Also Hanif, a widow age 45 who was stranded on Mount Sinjar for eighteen terrifying days. Hanif says there was no water or food beyond the meagre supplies they had carried with them. The very day they fled to the mountain Hanif’s daughter gave birth to baby Afreen, which means ‘creation’. Afreen is now age 2 (photo top left) so has spent all her young life in the makeshift dwellings of Seje. Hanif shares half a divided house with her daughter and three granddaughters.

The building, like most others in Seje, was just an unfinished shell when they moved into it, no windows or doors, only gaps in the concrete walls. They tried blocking up the gaps with stones and bricks but that cut off all natural light and the house was very dark. Now that ACTED and ShelterBox have stepped in, new hard-wearing windows and a door have been installed, keeping out the dust in summer and the cold and rain in winter. ‘It was very hard to keep things clean before.’ Hanif said. ‘Now things are much better. We are protected inside.’

Seje-Khudedo and family ©ShelterBox/ACTED
Seje – Khudedo and family ©ShelterBox/ACTED

Khudedo and his extended family (left) were forced to flee from their homes in Telazeer near Sinjar in August of 2014. From a community of 1,200 people Khudedo thinks only 100-150 were rescued or escaped. The rest were captured or killed. He recalls being trapped on Sinjar mountain. ‘Those times were really difficult. No food or water. We were really afraid.’ The nearest small spring was a 10km walk away, and the journey was far from safe. Khudedo explained that at one point they were so short of water they began using the caps from plastic water bottles to measure out rations for each person.

After a while a safe corridor opened up, and Khudedo was able to arrange a few vehicles to help bring his family to safety after walking close to ten hours. He and his sons were construction workers in Seje, working on the very house where ShelterBox recently found them. They knew the owner of the house lived abroad and would not be returning, so they contacted him and he graciously allowed them to live there in his absence. The home is large, but Khudedo lives there with his five sons and their families – around 30 people in total.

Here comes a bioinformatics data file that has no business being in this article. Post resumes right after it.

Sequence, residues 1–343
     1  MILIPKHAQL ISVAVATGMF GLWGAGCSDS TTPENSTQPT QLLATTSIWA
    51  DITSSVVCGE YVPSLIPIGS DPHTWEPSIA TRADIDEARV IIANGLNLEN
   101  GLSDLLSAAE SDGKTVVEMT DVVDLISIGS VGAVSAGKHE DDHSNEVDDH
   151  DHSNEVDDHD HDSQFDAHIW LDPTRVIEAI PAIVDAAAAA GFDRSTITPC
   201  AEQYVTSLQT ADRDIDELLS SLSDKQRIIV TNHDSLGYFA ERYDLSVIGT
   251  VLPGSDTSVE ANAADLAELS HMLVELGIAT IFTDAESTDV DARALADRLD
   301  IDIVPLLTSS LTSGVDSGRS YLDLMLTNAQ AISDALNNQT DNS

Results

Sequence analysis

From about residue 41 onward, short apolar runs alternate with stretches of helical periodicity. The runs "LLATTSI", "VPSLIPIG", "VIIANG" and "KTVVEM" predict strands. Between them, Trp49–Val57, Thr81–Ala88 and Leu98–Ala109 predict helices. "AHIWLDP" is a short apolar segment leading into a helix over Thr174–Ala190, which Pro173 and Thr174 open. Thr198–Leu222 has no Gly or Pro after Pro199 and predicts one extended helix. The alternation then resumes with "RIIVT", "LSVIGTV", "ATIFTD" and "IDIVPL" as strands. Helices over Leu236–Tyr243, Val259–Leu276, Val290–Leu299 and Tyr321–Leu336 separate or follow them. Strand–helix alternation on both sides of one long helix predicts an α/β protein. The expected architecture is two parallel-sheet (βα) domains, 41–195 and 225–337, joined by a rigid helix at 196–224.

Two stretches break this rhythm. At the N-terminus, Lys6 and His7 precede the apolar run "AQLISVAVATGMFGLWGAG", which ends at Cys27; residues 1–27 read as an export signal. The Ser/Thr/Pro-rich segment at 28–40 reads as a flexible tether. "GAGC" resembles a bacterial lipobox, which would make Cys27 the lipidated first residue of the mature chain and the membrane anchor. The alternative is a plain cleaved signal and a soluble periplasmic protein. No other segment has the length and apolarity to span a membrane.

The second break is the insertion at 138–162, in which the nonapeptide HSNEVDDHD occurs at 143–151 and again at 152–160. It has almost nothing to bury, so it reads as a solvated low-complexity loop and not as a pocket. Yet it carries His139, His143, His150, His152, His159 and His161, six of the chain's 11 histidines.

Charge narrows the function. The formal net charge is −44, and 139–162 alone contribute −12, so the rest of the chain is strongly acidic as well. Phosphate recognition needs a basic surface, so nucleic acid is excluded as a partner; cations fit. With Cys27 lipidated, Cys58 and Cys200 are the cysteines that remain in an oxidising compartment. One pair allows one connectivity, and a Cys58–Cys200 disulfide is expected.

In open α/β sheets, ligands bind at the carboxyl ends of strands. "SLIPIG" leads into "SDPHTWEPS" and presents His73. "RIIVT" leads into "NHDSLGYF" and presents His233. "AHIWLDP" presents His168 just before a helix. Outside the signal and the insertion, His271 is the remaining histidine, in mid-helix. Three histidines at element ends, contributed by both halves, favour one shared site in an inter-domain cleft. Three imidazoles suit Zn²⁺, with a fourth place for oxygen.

The ‘sealing off kits’ have made a great difference. Khudedo recounted having to shake out all their clothes and household items every day as the rooms would fill with dust. During the winter, they blocked the windows with stones to keep out the cold and wind, but the rooms would be so dark it was difficult to see. ‘These windows and doors really have made all the difference, and even though this will not be our house forever, our family finally feels safe and happy living here.’

His family longs for the day when they can return home, but they are afraid of what they might find. ‘We don’t know the condition of our homes or if anything is even still there. We don’t know how long it will take for the fighting to stop. We have the skills to rebuild our house, but we have no money left and no materials. We are also afraid of returning because Islamic State were our neighbours and they might still be there. We cannot return unless we have protection.’

Hanif, 45 and her granddaughter Afreen, 2yrs ©ShelterBox/ACTED
Hanif, 45 and her granddaughter Afreen, 2yrs ©ShelterBox/ACTED

ACTED and ShelterBox are now preparing to respond to an anticipated humanitarian disaster centred on the city of Mosul, Islamic State’s last stronghold in Iraq. A military offensive aimed at liberating the city is expected to trigger a massive displacement of people, an estimated 600,000 or more. Initially aid will be focused on increasing the capacity of camps for internally displaced people in Northern Iraq, but a second phase will offer portable aid to people on the move.

ShelterBox is funding the sourcing of basic non-food items kits and shading materials, ACTED is purchasing them locally and arranging storage, delivery, and distribution to displaced families. ACTED and ShelterBox have partnered many times before around the world, most recently after the Nepal quakes in 2015 when they sourced shelter materials in country and delivered them to some of the highest-altitude communities on the planet.